Courtesy of FWT2013 Group 5 member students.
Koshihikari is the crown jewel of Japanese short-grain rice, noted for its sweet, nutty taste and slight stickiness; it is especially suited to sushi. Its name means “light of hi.” Koshi is an old province of Japan, a stretch of land that lines the coast of the Sea of Japan and covers the birthplace of koshihikari, Niigata prefecture, as well as the place it took root, Fukui prefecture. Hikari, “light,” refers to the grain’s polish and its translucent quality.
In Japan, rice planting usually starts in the spring, cultivation in the summer, and harvest in the fall. Japan is wellknown as country with high amount of rain. Because of that, the rice cultivation in Japan is considered as wet cultivation.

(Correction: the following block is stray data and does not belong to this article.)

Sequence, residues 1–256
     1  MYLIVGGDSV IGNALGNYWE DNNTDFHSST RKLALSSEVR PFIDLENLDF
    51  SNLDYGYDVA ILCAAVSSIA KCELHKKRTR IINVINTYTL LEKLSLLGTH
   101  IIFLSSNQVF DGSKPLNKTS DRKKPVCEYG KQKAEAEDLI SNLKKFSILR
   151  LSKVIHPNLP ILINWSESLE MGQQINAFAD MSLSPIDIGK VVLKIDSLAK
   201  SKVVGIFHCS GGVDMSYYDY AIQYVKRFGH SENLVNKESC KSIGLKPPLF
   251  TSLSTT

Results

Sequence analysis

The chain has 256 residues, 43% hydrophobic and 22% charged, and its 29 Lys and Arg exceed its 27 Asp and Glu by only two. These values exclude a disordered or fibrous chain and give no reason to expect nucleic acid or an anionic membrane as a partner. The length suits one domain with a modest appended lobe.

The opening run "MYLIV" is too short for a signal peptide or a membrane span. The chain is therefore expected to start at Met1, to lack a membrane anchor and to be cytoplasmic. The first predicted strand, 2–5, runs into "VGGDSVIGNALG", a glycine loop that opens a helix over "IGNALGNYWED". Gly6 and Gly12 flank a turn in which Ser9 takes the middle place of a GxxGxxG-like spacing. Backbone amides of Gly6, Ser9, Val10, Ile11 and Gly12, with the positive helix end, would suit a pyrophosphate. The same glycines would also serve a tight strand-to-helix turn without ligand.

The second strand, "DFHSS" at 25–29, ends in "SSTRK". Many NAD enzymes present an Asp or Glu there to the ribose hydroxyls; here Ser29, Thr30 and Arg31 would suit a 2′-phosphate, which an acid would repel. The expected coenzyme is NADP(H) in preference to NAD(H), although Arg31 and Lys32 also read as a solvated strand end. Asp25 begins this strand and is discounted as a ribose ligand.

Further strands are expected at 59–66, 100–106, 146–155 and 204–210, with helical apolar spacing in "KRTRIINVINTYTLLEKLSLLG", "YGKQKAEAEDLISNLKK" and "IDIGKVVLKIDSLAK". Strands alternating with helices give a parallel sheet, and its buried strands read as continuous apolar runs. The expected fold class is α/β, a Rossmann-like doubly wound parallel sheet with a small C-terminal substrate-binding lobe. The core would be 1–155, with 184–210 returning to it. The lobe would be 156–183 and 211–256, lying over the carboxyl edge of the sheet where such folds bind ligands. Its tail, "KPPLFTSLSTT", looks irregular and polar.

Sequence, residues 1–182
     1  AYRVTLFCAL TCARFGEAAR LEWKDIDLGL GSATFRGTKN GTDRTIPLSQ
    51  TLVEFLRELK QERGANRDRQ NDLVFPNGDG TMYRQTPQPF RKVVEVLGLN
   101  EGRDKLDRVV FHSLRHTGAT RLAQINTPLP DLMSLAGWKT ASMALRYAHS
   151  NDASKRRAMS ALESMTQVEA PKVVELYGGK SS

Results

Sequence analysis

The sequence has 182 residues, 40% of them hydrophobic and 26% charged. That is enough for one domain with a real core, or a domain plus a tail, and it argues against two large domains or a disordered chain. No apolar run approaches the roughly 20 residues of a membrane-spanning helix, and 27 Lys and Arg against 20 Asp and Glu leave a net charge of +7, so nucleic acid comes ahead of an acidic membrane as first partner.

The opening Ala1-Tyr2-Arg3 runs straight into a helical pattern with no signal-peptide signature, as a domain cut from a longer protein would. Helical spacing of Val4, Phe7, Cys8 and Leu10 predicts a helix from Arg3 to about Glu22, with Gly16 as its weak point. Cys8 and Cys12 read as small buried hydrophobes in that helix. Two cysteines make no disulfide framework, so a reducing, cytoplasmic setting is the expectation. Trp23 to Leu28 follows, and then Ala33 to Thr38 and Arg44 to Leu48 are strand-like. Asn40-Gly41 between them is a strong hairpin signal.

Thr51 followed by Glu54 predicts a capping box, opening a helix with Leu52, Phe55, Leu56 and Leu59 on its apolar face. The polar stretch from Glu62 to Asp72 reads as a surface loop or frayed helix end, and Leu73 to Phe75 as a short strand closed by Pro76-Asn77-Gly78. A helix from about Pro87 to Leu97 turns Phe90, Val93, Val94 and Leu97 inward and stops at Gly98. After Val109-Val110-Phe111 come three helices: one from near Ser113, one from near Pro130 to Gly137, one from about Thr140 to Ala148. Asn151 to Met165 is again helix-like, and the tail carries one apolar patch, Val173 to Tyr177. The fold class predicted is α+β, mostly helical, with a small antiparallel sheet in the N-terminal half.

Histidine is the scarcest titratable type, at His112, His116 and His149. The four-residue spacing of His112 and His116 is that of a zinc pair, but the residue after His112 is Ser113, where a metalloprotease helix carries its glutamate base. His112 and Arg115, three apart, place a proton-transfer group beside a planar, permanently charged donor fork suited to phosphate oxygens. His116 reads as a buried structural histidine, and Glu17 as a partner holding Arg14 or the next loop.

In the spring, farmers start to prepare for the ricefield so that it is ready to be planted. The farmers use tractors and fertilizers to make land ready to be planted. After that, the farmers will water the land and keep the same level of water on the land. It is very important to maintain the depth level of water, because farmers will plant the rice by machines so that the rice seeds can be planted neatly.
As the rice continues to grow, farmers will be busier with water management and pest control. Water management is important because rice needs a lot of water to grow. The water will vanish slowly as the rice grows. Water quality in Japan is usually in good quality, the farmers usually withdraw the water from rivers, irrigations, or reservoirs. In addition to that, pest control is also important to avoid ricefield from weeds and bugs. Farmers in Japan usually use herbicides to control bugs and weeds cutter to control weeds.